Call for papers - Babylonia 1/2023 Heritage Languages and Cultures


According to recent data, in 2020, slightly more than a third of the population residing in Switzerland - approximately 2.7 million people - came from an immigration background. Among these 2.7 million people are many school children who navigate in two or more languages on a daily basis. On top of learning the local language, some of them also participate in heritage language and culture (HLC) classes to maintain their parents' language in their linguistic repertoire.

In this issue of Babylonia, we focus on the preservation of heritage languages and their teaching in the context of HLC courses, as well as on issues related to the linguistic integration of students with a migrant background in the (Swiss) school system. 

The teaching of heritage languages in the Swiss context represents a special situation. While some languages - such as English, Spanish or Russian (and even Italian, German or French, depending on the linguistic region) - are also taught in schools as "foreign" languages, other heritage languages, whose status is different or whose linguistic community is smaller, are not present in the official school system. Some languages have also been taught as part of HLC courses for decades (e.g. Spanish, Italian and Portuguese), while others are taught on a smaller scale and in semi-private initiatives.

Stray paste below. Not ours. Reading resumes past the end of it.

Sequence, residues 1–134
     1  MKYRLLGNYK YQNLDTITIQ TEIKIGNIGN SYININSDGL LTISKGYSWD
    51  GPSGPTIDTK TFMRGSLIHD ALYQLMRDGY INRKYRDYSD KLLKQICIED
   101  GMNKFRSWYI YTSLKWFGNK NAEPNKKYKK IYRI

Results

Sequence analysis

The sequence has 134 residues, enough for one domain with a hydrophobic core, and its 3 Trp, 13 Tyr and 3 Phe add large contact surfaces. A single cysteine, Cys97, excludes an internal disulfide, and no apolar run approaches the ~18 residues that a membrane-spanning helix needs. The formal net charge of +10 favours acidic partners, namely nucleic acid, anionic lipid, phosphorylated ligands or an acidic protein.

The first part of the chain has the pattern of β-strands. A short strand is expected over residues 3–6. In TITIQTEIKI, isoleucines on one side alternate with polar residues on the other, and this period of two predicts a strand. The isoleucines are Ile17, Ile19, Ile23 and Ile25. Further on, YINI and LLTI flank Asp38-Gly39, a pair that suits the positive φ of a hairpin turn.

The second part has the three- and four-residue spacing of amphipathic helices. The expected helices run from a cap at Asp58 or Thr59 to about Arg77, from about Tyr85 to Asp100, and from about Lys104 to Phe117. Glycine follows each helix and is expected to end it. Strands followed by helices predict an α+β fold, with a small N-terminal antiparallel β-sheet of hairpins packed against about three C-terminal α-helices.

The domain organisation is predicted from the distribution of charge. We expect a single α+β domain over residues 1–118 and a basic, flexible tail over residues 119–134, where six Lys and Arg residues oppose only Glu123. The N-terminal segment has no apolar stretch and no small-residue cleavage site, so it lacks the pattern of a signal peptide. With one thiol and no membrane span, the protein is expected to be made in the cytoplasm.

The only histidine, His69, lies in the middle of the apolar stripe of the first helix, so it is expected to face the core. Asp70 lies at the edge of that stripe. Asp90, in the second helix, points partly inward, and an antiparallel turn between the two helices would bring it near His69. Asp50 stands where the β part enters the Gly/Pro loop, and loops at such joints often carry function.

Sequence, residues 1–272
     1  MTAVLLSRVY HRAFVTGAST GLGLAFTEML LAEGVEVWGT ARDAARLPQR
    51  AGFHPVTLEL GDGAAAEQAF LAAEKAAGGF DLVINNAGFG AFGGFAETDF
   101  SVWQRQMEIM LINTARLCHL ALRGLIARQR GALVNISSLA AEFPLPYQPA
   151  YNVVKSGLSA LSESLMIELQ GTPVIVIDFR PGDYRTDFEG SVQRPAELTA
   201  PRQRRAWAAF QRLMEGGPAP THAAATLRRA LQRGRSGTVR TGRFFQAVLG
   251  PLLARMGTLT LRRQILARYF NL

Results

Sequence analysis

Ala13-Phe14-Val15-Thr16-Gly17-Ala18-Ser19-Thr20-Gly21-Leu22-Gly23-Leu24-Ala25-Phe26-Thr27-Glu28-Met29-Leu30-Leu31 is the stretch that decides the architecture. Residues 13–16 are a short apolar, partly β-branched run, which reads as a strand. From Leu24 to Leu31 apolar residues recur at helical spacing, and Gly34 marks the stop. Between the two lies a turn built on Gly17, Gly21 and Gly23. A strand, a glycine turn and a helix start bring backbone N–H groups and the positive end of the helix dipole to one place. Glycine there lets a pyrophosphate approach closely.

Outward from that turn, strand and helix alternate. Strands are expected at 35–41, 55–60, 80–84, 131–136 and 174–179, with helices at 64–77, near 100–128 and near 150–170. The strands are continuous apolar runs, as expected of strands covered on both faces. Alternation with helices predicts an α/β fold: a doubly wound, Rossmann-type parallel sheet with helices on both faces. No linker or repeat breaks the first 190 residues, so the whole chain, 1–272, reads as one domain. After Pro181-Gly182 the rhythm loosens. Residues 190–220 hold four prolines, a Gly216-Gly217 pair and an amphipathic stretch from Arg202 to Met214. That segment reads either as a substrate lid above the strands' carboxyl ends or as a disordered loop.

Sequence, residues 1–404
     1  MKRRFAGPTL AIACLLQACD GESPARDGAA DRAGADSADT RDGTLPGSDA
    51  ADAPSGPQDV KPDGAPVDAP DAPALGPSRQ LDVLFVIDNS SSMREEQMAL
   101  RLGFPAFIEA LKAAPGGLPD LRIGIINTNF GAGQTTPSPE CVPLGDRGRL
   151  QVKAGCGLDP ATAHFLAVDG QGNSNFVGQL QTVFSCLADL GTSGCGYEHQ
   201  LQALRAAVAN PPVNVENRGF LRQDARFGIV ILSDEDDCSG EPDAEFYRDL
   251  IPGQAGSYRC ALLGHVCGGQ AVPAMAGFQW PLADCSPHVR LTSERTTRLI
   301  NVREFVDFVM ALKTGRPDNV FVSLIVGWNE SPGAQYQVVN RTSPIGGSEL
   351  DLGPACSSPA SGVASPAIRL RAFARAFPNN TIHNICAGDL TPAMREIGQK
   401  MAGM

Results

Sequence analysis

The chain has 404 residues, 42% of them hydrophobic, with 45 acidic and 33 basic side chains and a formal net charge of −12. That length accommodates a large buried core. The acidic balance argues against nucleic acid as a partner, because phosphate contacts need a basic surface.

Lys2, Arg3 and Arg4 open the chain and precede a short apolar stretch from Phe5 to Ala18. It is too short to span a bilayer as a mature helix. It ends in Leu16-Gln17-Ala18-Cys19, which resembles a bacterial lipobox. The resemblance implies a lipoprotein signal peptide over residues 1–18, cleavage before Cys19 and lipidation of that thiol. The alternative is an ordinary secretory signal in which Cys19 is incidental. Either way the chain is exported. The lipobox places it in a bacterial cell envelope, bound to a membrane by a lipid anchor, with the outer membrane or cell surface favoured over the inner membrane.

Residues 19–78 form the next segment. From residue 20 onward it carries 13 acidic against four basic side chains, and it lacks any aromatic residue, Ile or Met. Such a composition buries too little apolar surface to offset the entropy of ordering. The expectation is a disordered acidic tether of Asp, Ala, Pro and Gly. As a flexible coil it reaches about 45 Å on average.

What is the place of heritage language teaching in the Swiss context, and more specifically in the Swiss school system? Which socio- or geopolitical discussions may have an impact on the development of HLC courses? Are there any official documents guiding the teaching of heritage languages? What is the reception of these documents by HLC and regular teachers?  How are the structures for heritage language teaching organized? What about teacher training? What experiences and good practices can be highlighted?  Are there points of contact between the teaching of different languages of origin and/or between the teaching of languages of origin and the teaching of local and foreign languages?

These and other topics could be the subject of a research article or practical experience in Babylonia 1/2023.

We welcome empirical contributions (research projects, action-research), practical (instructional materlals, exercises, good practices, etc.), and socially engaged contributions (position papers, interviews, etc.). Babylonia favors a clear and easily understandable writing style. Concrete examples - directly in the text or in boxes - are welcome. Article size: 16'000-20'000 characters (4-5 pages). 

If you would like to contribute to this special issue of Babylonia, we invite you to send us a short summary (max 2000 characters) of your contribution by April 1st, 2022 to and/or

You can also propose a "teaching taster" related to the theme of the issue. To do so, please contact 


  • submission of abstracts: April 1, 2022
  • Notification of acceptance: May 2022
  • submission of articles: July 31, 2022
  • feedback from the editorial team on the article: September 2022
  • revision and sending of the final version: December 1, 2022
  • publication of the issue: April 2023